Cyrus Hostetler

Cyrus Hostetler

 
 

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Squint your eyes — disregard the 2016 USA Olympic Team uniform — and you would swear this year’s featured OnTrack cover athlete had stepped right off a 1956 sports page and onto the runway at Azusa Pacific University for our photo session.

Javelin thrower Cyrus Hostetler’s tight, blond crew cut, firmly–set jaw and 6'2" frame projects the classic look of an All–American… which he actually is. One might assume this 83.83m (275') thrower is one of those golden boys of sport, blessed with natural talent, good fortune and a bottomless well of support from wealthy sponsors. The truth? As talented as Cyrus is, it is clear that raw determination is at the heart of his success. Sheer grit has propelled him from his 2005 introduction to the javelin, through throwing on three college teams, claiming the #2 all–time collegiate throw by an American, competing in three U.S. Olympic Trials and, to date, appearing in two Olympic Games.

At 30, Cyrus and his 34-year-old training partner Sean Furey have become what he terms “old men” in relation to the youngsters at the Olympic Training Center in Chula Vista, Calif., chasing the next big throw in an event known for punishing joints, tendons and ligaments to the breaking point. “I am the rehab king,” he proudly exclaims, having battled back from injuries to his UCL, ACL, MCL, rotator cuff, labrum and meniscus. “All could have been career–ending, but once I have an injury, I become an expert,” observes Cyrus, with the understanding that such setbacks are merely factors to be managed over the span of an extended athletic career.

It all started when, in his senior year, the Newberg High School letterman in football, basketball and baseball decided to try his hand at the javelin. That first year, Cyrus broke his district’s meet record with the winning throw of 60.70m (199'2"), advancing to the Oregon State meet, where he threw 201'5", a performance that in any other year might have been the state’s winning mark. As it was, he took third place that day. Cyrus went on to finish the season by beating the nation’s #1-ranked high school javelin thrower with his own personal best of 62.55m (205'2") at the 2005 USA Junior Nationals, earning Cyrus fifth place over all.

After completing his first college year at Weber State in Utah—a year marked by experimentation with the hammer and weight throw, as well as a serious injury to his elbow—Cyrus requested a release in order to move on to compete for another school.

Returning to Oregon, Cyrus enrolled at Lane Community College in Eugene, where he would earn his A.A. degree, play basketball and compete on the track team, primarily as a thrower, but also as a decathlete, under the direction of Head Track Coach Grady O’Connor and then “multis” coach Cody Fleming. After a hamstring injury forced Cyrus to focus on the javelin, he finished up at Lane by winning the 2008 NWAACC Championships with a new 73.63m PB (241'7" PR) breaking the school javelin record by 30' and earning the title of Conference Field Athlete of the year. Cyrus capped the season with an appearance at the U.S. Olympic Trials, placing 18th with a mark only a foot behind that of American record–holder Breaux Greer.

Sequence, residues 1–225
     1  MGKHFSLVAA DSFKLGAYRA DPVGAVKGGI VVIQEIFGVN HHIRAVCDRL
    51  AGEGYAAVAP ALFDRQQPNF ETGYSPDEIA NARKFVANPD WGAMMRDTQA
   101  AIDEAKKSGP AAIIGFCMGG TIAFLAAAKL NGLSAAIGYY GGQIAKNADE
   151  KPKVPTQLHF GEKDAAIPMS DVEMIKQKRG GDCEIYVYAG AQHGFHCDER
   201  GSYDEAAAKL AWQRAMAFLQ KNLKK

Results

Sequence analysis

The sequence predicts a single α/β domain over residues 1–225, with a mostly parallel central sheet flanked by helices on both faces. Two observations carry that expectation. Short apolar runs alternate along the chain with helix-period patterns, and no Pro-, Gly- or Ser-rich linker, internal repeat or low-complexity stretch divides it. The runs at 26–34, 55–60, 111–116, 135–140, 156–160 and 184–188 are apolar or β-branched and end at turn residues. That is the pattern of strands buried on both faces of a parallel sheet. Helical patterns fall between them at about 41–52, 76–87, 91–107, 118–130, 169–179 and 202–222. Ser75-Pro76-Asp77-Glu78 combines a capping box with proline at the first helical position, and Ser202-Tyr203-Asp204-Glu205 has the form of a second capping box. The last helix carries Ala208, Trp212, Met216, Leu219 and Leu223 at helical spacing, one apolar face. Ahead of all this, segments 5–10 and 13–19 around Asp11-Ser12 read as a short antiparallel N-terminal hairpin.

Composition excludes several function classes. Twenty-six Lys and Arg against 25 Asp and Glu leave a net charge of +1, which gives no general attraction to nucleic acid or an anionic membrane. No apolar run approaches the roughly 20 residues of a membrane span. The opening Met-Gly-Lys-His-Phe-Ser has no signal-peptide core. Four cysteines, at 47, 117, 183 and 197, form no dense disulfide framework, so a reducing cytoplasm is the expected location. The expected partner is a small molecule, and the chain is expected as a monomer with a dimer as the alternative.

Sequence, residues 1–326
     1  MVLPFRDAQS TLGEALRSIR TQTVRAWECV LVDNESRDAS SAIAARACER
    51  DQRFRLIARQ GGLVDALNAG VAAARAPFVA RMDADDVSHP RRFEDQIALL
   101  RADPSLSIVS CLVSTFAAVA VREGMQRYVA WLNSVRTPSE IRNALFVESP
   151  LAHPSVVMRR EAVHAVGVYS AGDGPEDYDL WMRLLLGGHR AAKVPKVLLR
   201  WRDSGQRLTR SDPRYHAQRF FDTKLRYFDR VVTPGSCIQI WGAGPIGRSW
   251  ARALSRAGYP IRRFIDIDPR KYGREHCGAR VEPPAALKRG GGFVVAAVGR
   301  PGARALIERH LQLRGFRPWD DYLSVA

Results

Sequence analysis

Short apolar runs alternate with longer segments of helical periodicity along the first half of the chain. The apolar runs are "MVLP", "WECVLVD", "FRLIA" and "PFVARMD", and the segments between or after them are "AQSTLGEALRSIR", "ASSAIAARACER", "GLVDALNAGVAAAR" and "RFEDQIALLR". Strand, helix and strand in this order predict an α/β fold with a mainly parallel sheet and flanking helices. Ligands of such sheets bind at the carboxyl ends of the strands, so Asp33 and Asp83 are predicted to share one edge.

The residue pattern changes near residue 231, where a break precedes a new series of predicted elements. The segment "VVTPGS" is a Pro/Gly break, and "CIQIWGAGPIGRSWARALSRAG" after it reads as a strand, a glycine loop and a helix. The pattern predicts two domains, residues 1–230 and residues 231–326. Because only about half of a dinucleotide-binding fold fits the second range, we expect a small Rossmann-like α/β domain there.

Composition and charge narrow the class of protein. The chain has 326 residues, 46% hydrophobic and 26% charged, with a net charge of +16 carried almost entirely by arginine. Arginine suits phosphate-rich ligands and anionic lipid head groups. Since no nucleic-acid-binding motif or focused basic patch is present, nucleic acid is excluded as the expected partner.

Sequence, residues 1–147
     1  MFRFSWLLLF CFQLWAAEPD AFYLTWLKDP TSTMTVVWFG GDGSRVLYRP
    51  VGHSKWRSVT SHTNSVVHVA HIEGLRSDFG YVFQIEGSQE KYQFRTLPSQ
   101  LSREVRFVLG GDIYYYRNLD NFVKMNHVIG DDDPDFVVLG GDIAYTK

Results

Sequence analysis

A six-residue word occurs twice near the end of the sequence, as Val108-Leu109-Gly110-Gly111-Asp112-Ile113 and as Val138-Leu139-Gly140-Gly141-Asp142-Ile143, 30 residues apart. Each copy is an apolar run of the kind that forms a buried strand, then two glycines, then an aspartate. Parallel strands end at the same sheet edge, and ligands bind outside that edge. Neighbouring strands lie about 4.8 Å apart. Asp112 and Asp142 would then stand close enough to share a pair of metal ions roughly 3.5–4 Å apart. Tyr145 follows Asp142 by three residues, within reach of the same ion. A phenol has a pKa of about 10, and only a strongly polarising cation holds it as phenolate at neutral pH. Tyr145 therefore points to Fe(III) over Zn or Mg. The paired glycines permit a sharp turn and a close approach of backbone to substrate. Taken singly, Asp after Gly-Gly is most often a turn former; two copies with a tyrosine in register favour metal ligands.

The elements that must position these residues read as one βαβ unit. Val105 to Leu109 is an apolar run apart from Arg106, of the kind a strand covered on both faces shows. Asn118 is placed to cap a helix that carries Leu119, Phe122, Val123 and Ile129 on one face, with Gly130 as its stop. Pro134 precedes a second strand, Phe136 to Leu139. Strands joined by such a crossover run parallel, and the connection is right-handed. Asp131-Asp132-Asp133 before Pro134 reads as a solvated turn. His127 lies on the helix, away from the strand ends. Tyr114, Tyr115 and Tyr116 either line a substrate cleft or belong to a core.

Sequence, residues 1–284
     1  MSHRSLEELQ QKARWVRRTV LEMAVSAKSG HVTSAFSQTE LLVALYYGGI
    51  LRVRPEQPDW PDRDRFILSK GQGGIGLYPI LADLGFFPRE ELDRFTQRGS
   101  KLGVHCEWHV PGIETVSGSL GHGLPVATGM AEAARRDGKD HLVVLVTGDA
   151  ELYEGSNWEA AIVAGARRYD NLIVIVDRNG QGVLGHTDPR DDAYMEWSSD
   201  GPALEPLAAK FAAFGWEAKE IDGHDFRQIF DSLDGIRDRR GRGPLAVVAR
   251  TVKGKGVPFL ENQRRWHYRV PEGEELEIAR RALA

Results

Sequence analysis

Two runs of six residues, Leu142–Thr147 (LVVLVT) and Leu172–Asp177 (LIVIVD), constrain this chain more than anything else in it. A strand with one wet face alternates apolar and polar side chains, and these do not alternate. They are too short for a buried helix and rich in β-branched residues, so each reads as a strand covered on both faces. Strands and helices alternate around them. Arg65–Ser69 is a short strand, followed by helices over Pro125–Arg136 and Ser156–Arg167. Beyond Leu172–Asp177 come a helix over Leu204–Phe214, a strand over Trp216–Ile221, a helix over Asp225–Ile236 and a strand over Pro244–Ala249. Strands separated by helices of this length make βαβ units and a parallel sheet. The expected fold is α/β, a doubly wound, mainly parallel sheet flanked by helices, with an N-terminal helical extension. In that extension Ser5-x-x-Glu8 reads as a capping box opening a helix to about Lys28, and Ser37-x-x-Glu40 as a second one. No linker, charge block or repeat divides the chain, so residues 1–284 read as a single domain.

In 2009, Cyrus moved across town to the University of Oregon, when, in his words, “money fell from the sky.” Coach Lance Deal offered him a suddenly–available scholarship to cover his full tuition, enabling him to compete and pursue his undergraduate degree in architecture. It was at the U of O that Cyrus met Coach Christina Scherwin, the former Danish National Champion in the women’s javelin, a fortuitous pairing that boosted Cyrus’ performance by 30’ over the course of a single year. During his time at U of O, Coach Scherwin would guide him to setting both the school and conference men’s javelin record, winning two PAC-10 Championship titles and earning two Academic All–American rankings.  

Upon graduation, Cyrus embarked upon his post–collegiate athletic career, addressing more physical challenges, and learning to balance work as a graphic artist and web designer with his rigorous training schedule. When he wasn’t working or working out, he concentrated on “pre–hab” and nutrition, further developing the cooking and baking skills he had acquired as a youngster. (It’s amazing what a well–placed dozen cookies can do to open a spot in a meet director’s crowded roster!)

Cyrus also took the initiative to launch himself into international competition, traveling to Guadalajara, Mexico, to take second place in the 2011 Pan American Games (82.24m/269'9"), and later to Denmark for a 3-week training camp prior to taking his place on the ultimate international stage—the Olympic Games in London in 2012.

 

While not satisfied with his first Olympic outing, Cyrus looked to improve his technique for another crack at the world. He trained hard, and gathered precious funds for intensive training in Germany and a subsequent 2014 European tour consisting of six meets. During the final competition of his trip, Cyrus threw 79.59m (261'1-1/2"), setting a meet and stadium record in Austria.

Despite having been released from the Olympic Training Center’s fully-sponsored program in 2015, last year was actually Cyrus best yet. He set his current PB (PR) in May at the Tucson Elite Classic, which earned him a berth on the U.S. Olympic Team, well before he won the Olympic Trials with a throw of 83.23m (273"). His second Olympic performance placed him 20th at the Games in Rio de Janeiro, ahead of his American teammates Sam Crouser and Sean Furey.

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